The cases shared common factual issues on the alleged risks of perforation and migration and on the adequacy of the product label, the panel said. Placing all cases under one judge would make it easier to accommodate everyone in the pretrial proceedings.

The panel chose the Southern District of New York because it is near Bayer operations in Connecticut, New Jersey, New York and Pennsylvania, where the primary witnesses and documentary evidence would likely be located. The district also is easy to reach for plaintiffs around the country.

Bayer Healthcare once operated a facility in Tarrytown. The operations were moved in 2013 when the Bayer subsidiary opened a new U.S. headquarters in Whippany, N.J.

The panel chose Seibel because she was already presiding over three related cases, “and she is an experienced transferee judge who we are confident will steer this litigation on a prudent course.”

Danger in drugs from Canada

  • 08.11.2016
  • Peter Pitts
Via The Washington Times:

Danger in drugs from Canada

Clinton and Trump are both wrong on importation


When it comes to health care reform, Hillary Clinton and Donald Trump have something in common — and it’s dangerously wrong. They support drug importation “from Canada.” It’s a sound-bite solution that won’t offer lower prices but will result in a public health calamity.

Importing drugs from Canada is exceedingly dangerous for a number of reasons. For starters, many internet pharmacies based up north are stocked with drugs from the European Union. And while many people wouldn’t hesitate to take medicines purchased from countries like France, Germany and Great Britain, there’s plenty of risk involved.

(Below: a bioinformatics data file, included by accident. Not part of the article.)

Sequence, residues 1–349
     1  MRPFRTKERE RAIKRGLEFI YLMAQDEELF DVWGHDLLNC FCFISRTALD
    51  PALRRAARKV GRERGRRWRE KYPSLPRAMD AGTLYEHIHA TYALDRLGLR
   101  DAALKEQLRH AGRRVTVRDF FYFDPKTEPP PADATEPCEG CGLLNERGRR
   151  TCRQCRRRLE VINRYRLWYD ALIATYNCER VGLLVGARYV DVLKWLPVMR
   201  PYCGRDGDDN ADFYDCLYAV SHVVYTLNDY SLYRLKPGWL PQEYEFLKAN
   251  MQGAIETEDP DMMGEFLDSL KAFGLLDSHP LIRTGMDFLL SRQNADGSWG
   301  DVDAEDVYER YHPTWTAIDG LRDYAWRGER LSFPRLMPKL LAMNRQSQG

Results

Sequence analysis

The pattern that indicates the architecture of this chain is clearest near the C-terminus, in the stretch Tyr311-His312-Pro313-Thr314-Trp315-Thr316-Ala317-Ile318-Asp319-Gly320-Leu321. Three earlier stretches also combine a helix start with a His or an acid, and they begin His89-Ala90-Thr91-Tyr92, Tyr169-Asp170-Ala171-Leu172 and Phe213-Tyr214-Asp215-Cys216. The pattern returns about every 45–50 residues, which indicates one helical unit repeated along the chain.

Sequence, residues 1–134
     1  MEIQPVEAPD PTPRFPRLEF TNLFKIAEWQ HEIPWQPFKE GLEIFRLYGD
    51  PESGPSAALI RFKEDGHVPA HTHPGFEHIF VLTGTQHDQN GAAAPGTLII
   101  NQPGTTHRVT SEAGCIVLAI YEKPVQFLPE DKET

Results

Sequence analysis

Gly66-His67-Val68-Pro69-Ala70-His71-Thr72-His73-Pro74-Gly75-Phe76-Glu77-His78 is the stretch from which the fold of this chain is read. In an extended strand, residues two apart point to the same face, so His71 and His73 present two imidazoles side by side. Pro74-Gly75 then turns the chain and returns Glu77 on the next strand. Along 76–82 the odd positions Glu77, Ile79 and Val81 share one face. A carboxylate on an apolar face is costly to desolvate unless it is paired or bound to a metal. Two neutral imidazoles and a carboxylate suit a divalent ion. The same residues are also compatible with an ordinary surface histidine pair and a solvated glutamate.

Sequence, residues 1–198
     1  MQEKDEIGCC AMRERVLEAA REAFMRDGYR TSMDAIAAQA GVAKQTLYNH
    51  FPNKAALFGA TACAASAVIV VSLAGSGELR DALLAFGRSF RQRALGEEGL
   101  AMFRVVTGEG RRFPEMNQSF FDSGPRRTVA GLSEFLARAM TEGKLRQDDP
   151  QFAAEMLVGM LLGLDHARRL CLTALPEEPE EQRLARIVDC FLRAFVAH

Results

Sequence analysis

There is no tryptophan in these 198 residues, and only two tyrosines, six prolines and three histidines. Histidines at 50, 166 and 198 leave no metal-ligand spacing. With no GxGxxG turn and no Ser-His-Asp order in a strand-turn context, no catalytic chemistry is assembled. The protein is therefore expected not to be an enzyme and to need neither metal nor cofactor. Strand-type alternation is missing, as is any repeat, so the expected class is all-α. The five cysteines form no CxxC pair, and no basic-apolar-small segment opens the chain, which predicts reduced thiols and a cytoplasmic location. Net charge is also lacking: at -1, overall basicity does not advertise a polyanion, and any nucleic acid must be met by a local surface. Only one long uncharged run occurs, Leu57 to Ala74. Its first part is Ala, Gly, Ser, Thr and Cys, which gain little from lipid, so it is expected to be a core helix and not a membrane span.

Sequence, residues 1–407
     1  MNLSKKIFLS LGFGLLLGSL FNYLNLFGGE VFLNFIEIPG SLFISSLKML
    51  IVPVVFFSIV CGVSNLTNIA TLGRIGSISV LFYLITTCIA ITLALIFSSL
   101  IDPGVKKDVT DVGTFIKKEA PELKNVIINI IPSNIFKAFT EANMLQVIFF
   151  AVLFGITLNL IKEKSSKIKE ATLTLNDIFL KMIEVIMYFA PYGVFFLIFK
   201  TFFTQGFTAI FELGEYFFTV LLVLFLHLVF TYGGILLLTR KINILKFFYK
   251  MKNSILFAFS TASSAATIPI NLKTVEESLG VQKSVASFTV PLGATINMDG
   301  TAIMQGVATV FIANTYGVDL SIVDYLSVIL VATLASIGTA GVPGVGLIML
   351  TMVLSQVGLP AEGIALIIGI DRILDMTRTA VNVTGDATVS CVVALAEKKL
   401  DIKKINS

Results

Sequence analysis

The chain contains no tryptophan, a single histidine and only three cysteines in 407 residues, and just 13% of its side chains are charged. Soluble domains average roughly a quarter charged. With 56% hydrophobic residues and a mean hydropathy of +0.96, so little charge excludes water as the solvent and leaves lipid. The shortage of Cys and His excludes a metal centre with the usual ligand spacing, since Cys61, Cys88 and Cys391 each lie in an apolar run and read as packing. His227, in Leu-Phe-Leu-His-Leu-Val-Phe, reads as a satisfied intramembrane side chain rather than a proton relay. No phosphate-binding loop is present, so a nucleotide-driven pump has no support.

The EU currently operates under a system of “parallel trade,” which allows products to be freely imported between member countries. This means that any drugs exported from the United Kingdom to Canada could have originated in an EU country with significantly less rigorous safety regulations, like Greece, Portugal, Latvia or Malta.

Just last year, EU officials seized more than 34 million fake pills in just two months. And in May, Irish drug enforcers confiscated over 1.7 million pounds of counterfeit and illegal drug packages. So if American customers start buying drugs over the internet from Canadian pharmacies, they could easily wind up with tainted medicines of unknown European origin.
It’s also important to note that drugs from anywhere in Europe aren’t even legal for sale in Canada. So when politicians say we can get “the same drugs” that Canadians get, they’re just plain wrong.

Even more worrisome is outright fraud — many “Canadian” pharmacies are actually headquartered somewhere else. Far too often, importing drugs of unknown quality from sketchy pharmacy websites ends in tragedy. Consider the case of one Texas emergency-room doctor, who suffered a stroke after importing what he thought was a popular weight-loss drug. The online pharmacy had actually substituted the doctor’s ordered drug for a counterfeit, stroke-inducing medication shipped in from China. If medical professionals can’t tell the difference between real and counterfeit drugs, regular patients don’t stand a chance.

A 2005 investigation by the Food and Drug Administration (FDA) looked at 4,000 drug shipments coming into the United States. Almost half of them claimed to be from Canada. Of those, fully 85 percent were actually from countries such as India, Vanuatu and Costa Rica.